In July 2019, the private maternity service One to One Midwives gave pregnant women just a couple of days notice that it was withdrawing the services it provides to the NHS. The company entered insolvency proceedings soon after. This left about 1,700 pregnant women, some due to give birth within weeks, having to find new midwives. The company, which provided midwifery services to women in Essex and the north-west of England, said the contracts did not pay enough to make the service financially sustainable.

This was the second midwifery company to collapse – Neighbourhood Midwives, which provided midwifery services to women in the south-east, closed in January 2019.

In May 2019, Concordia Specialist Care Services terminated a contract to provide community dermatology services in Essex two months early with just five days notice. The original contract was for five years, but the CCG announced in October it was being cut to two years and ending in July 2019. The cut in contract time followed a CCG inspection of the services the company provided in Fryatt Hospital, Dovercourt. The inspection found “standards of hygiene and cleanliness in a number of areas did not comply with national standards, medication was out of date, specimens were inappropriately stored in a medication fridge and Concordia staff were unaware of how to access organisational policies”.

Virgin Care won a seven-year £280 million contract in March 2015 to provide services for the frail and elderly in East Staffordshire. Under this fixed-price contract, Virgin Care was to be the prime provider and could sub-contract the work to other organisations. The contract was dogged by contractual and financial issues.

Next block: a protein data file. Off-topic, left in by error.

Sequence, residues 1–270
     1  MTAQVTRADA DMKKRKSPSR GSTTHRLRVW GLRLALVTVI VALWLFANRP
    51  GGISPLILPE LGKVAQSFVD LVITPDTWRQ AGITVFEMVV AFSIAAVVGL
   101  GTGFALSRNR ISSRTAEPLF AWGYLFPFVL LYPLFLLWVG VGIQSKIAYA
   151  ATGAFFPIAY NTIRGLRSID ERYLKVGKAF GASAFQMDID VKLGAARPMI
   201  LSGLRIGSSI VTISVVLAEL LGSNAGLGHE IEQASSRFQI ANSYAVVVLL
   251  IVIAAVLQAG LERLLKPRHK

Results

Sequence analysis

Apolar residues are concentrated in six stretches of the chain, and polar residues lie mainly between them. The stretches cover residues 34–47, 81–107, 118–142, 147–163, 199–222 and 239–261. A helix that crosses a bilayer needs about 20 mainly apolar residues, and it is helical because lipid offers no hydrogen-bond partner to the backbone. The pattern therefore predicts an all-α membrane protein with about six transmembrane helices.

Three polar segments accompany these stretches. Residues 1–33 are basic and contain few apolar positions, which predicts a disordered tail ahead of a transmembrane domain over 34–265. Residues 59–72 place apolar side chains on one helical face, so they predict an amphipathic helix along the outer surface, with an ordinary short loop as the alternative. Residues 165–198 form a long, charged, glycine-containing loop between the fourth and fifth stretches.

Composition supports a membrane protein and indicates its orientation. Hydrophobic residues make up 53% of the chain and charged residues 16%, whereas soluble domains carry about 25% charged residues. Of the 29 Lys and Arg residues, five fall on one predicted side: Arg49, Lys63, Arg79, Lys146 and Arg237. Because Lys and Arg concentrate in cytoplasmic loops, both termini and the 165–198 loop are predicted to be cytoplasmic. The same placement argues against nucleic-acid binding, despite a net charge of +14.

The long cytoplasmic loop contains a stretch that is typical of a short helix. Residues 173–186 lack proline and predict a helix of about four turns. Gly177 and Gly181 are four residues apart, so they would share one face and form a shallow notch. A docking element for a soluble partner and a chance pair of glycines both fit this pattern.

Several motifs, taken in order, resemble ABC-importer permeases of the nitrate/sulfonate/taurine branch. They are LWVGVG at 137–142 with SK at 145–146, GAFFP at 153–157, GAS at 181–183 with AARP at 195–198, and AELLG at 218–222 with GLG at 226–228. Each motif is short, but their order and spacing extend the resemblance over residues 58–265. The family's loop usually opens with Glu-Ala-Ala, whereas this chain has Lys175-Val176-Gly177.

In October 2017, Health Services Journal (HSJ) reported that Virgin Care was demanding £5 million more from the CCGs. As this was not provided by the CCGs, Virgin Care terminated parts of the contract. Then in April 2019, Virgin announced that it is to leave the contract entirely in April 2020, three years early. The reason given is that Virgin and the CCG were unable to come to a new financial agreement. Virgin stated that it is not able to run the service on the money provided by the CCG and it is not prepared to make up the shortfall.

The quality of service provided by Serco was investigated in Suffolk, where it was awarded a £140 million contract in October 2012 to run community services. The company was criticized for failing to meet key response times. In January 2014, a report from Serco to the council’s health scrutiny committee showed that Serco was not hitting three of its key performance indicators in community health response times. For example, it failed to meet urgent four-hour response targets – for nurses and therapists to reach patients at home 95% of the time (only achieving 89.3% in November 2013). Before Serco took over, the target was achieved 97% of the time. In September 2015, Serco relinquished the contract and an NHS consortium including Ipswich and West Suffolk Hospital Trusts took over the running of community services.